2.4.7 Storing and distributing products


Simply put a warehouse is a pretty large building used to store material components and finished goods

until they are needed.

Pretty straightforward definition for sure but perhaps not so straightforward when we consider how important

warehouses are for business success.

A warehouse differs from a distribution center and that we store stuff in warehouses before we are ready

to distribute those items whatever they may be.

Certainly a small business can use the same building for both storing and distributing and many small

businesses do so for our purposes though.

Let’s consider the warehouse as a separate entity.

Certainly warehouses are expensive to build and expensive to operate.

So we have to consider four distinct tradeoffs among different aspects of our business before making

decisions about how many warehouses we need and where they should be located.

Can you operate with no warehouses at all.

Certainly you can of course your transportation costs will be considerably high because you’ll have

to store all products at the factory and then ship to each individual customer as orders are placed.

Likewise with materials coming into the factory from your suppliers with warehouses in the right places

you are able to move material and products in large quantities from the factory and save on shipping

costs.

Goods can be sent by rail and in full truckloads.

Of course you can have too many warehouses also then your transportation costs will increase because

you are now moving everything by truck requiring more trucks to deliver to more warehouses spread across

the country.

And many of those trucks will only be partially full.

Thus increasing your operating costs.

There’s also a tradeoff between number of warehouses and the amount of inventory you have to keep on

hand.

In general the more warehouses you have the higher your inventory levels will be.

Many companies will segregate their inventory needs into distinct warehouse operations.

For example I might provide regional warehouses for materials and finished goods that make up the bulk

of my business.

Those items that move on a regular on a steady basis but for the low velocity items like specialty products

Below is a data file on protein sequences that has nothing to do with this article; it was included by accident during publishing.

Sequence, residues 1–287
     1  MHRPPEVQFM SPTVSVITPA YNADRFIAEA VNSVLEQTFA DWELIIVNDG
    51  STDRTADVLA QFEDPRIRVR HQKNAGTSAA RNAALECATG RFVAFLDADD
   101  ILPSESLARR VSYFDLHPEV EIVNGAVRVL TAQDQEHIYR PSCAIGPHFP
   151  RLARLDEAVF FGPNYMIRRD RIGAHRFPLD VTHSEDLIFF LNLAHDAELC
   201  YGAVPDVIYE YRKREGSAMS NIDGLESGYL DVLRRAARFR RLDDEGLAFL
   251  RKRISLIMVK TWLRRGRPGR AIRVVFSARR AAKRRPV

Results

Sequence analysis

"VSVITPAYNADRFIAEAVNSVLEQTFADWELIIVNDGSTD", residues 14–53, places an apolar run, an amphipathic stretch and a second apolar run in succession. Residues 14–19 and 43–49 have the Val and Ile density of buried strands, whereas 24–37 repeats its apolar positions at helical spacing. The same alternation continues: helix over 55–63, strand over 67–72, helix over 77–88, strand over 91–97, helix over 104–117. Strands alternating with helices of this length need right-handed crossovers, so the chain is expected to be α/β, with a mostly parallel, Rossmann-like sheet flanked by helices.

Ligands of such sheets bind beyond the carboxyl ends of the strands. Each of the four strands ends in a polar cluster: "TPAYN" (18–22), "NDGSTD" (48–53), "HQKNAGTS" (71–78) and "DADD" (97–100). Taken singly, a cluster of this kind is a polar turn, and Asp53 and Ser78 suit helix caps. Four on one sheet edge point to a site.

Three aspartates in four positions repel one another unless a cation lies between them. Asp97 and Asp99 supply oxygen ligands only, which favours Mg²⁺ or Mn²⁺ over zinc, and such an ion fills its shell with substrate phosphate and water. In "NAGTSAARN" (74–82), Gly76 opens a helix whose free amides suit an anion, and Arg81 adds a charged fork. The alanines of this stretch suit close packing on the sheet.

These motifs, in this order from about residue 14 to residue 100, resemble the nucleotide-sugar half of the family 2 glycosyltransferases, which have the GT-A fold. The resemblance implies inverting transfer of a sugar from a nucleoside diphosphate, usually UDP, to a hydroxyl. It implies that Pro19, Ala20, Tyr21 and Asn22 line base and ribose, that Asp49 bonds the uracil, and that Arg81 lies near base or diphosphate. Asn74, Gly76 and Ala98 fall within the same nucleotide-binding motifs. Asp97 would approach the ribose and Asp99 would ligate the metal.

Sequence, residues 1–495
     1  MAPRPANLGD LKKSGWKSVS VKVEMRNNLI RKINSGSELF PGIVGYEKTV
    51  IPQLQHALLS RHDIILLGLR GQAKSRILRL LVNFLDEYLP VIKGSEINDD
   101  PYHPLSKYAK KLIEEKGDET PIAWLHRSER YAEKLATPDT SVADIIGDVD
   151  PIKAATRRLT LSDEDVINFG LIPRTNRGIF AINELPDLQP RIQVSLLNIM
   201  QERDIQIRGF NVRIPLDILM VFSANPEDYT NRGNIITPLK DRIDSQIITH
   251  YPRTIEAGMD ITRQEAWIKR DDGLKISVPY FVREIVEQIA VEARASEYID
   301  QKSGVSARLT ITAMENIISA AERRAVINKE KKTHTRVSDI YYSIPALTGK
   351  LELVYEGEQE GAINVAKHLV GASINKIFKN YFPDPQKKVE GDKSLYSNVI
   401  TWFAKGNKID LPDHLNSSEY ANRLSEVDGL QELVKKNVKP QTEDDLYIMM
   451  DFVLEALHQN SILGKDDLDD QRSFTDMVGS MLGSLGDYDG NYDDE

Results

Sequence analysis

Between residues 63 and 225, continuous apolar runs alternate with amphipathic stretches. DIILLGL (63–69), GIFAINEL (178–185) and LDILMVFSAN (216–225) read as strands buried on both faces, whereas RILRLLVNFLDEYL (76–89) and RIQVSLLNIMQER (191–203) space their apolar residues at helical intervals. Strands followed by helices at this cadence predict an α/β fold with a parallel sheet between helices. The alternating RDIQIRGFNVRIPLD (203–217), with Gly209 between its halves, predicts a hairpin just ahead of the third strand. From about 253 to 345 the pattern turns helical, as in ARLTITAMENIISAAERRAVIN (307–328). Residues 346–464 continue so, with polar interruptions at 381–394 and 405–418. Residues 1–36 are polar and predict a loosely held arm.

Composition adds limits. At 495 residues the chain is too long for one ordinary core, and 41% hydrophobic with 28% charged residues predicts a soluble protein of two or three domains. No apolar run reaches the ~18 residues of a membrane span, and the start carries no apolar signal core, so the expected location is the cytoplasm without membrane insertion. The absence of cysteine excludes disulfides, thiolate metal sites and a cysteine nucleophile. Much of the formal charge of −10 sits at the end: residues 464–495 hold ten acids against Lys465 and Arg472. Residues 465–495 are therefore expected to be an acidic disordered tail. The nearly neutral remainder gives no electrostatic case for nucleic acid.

and the materials to make them I might have just one domestic warehouse.

The savings on inventory carrying costs often outweigh the additional transportation expenses.

This is certainly a calculation you want to make for yourself and your products.

Customer service is another consideration for my warehousing decisions.

More warehouses provide better service to your factories and to your customers because they’re going

to be holding inventory closer to the people who need it.

But as most of us realize 100 percent service levels are often just not affordable.

We have to balance our service goals with the cost of building and operating the network of warehouses.

Our last trade off consideration here is within the warehouse itself the size the equipment and the

people the larger the facility the more equipment will be in it and the more people will be required

to operate it.

Now robotics and automated handling equipment can certainly change that people ratio based upon your

service level requirements and goals.

You must build equip and staff the right sized warehouse.

The key to warehouse management is to find the right balance among these factors.

You must design a network of the right sized warehouses in the right locations to provide the needed

service levels while holding down your inventory costs.

Certainly this is not an easy assignment.

So where do you begin analyzing your entire warehousing system at once may be too daunting task but

looking at the warehousing requirements for one major product might uncover some opportunities for improvement

within your logistics system and simply walking around the warehouse with the question why on your mine

could yield some interesting results also.

Try it for yourself.

A friend of mine recently retired from a large electronics distribution company.

When I first met him several years ago I remember asking him what exactly his company does.

He said We make large boxes into small boxes.

Pretty simple response to a rather complex question.